Physical Fitness and Resilience

A Review of Relevant Constructs, Measures, and Links to Well-Being

by Sean Robson

This Article

RAND Health Quarterly, 2014; 3(4):6


This study is one of a series designed to support Air Force leaders in promoting resilience among its Airmen, civilian employees, and Air Force family members. It examines the relationship between physical fitness and resilience, using key constructs found in the scientific literature that address work-related physical fitness and health-related physical fitness. Supporting or increasing the levels of physical fitness identified in this study may facilitate resilience and can protect Airmen, civilian employees, and Air Force families from the negative effects of stress. The study also reviews interventions designed to promote physical fitness applicable at the individual, unit, family, and community levels.

For more information, see RAND RR-104-AF at

Full Text

Physical fitness, as it relates to the concept of Total Force Fitness (TFF), is defined as a set of health or performance-related attributes relating to the activities and condition of the body. Key resilience factors, or constructs that are associated with successfully coping with stress and strain, include both work-related and health-related physical fitness. Work-related physical fitness activities are those that increase an individual's ability to meet the physical demands of a specific job or job-related task, whereas health-related activities are those associated with reduced morbidity, the onset of chronic conditions (e.g., high blood pressure, diabetes), and mortality.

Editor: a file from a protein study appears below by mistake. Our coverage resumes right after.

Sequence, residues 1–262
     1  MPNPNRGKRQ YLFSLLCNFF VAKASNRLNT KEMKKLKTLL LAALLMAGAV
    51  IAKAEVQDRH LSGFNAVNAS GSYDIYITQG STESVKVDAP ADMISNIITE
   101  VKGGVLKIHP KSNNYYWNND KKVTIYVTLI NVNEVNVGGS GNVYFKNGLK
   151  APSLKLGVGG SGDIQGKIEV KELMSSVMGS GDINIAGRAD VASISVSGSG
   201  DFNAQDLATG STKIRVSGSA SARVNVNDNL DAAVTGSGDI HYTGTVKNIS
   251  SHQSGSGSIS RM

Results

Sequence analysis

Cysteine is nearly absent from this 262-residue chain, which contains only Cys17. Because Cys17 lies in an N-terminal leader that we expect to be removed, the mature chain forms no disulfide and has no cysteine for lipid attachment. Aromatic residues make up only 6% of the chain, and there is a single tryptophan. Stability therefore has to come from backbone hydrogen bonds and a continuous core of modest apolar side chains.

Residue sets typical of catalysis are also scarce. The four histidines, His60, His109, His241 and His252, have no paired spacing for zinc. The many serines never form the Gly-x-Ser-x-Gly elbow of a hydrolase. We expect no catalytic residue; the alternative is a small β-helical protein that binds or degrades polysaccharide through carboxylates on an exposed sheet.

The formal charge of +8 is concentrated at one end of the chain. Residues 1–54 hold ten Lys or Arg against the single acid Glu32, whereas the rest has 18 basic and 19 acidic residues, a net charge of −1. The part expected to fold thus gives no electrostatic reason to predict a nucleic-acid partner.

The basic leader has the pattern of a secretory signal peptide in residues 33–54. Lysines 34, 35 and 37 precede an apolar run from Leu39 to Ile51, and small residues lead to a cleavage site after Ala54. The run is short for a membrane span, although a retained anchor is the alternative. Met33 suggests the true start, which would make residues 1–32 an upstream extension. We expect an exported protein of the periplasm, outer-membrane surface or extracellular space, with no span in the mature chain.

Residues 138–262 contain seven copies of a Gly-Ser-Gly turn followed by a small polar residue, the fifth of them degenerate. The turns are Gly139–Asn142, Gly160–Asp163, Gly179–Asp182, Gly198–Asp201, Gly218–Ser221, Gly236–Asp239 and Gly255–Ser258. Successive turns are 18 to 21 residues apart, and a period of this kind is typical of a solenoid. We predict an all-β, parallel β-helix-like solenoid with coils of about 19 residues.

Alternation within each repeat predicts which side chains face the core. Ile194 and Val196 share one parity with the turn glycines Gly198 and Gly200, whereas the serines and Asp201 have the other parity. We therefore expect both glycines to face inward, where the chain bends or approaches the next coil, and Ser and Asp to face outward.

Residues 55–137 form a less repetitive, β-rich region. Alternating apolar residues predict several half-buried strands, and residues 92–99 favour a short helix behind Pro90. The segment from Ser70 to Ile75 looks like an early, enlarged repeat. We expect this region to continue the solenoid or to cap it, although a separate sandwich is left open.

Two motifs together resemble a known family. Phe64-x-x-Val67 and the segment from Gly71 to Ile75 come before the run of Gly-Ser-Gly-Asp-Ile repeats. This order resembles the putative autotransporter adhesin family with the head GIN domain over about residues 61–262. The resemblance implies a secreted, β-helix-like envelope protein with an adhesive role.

In general, science is moving away from fitness standards based on population norms (e.g., percentiles) to those based on health-related outcomes. Thus, most of this study focuses on physical activity, given its importance for overall physical health. Physical activity can provide considerable benefits to both physical and mental health and can buffer the negative effects of stress. It is important to note that physical activity includes more than aerobic activities. It can also include such activities as walking, yoga, bowling, dancing, and gardening, and these activities can be very beneficial for sedentary, injured/ill, obese, and exercise-averse populations. In fact, those who are less fit may see even greater benefits from physical activity than those who are more fit.

Interventions to promote physical fitness are clustered in three areas: informational approaches, behavioral and social approaches, and environmental and policy approaches. Informational approaches are designed to motivate, promote, and maintain behavior primarily by targeting cognition and knowledge about physical activity and its benefits. Behavioral and social approaches are designed to foster the development of behavioral management skills and modify the social environment to support changes in behavior. And environmental and policy approaches aim to increase opportunities to be physically active within the community. Ultimately, any policy or program aimed at increasing physical activity should recognize that fitness habits are the result of demographic (e.g., gender, age, ethnicity), psychological, lifestyle, and environmental factors. The decision to exercise and to maintain an exercise program often depends on a number of the factors, so an intervention with a single focus may not be as effective as a multifaceted approach.

The research described in this article was sponsored by the United States Air Force and conducted by RAND Project AIR FORCE.

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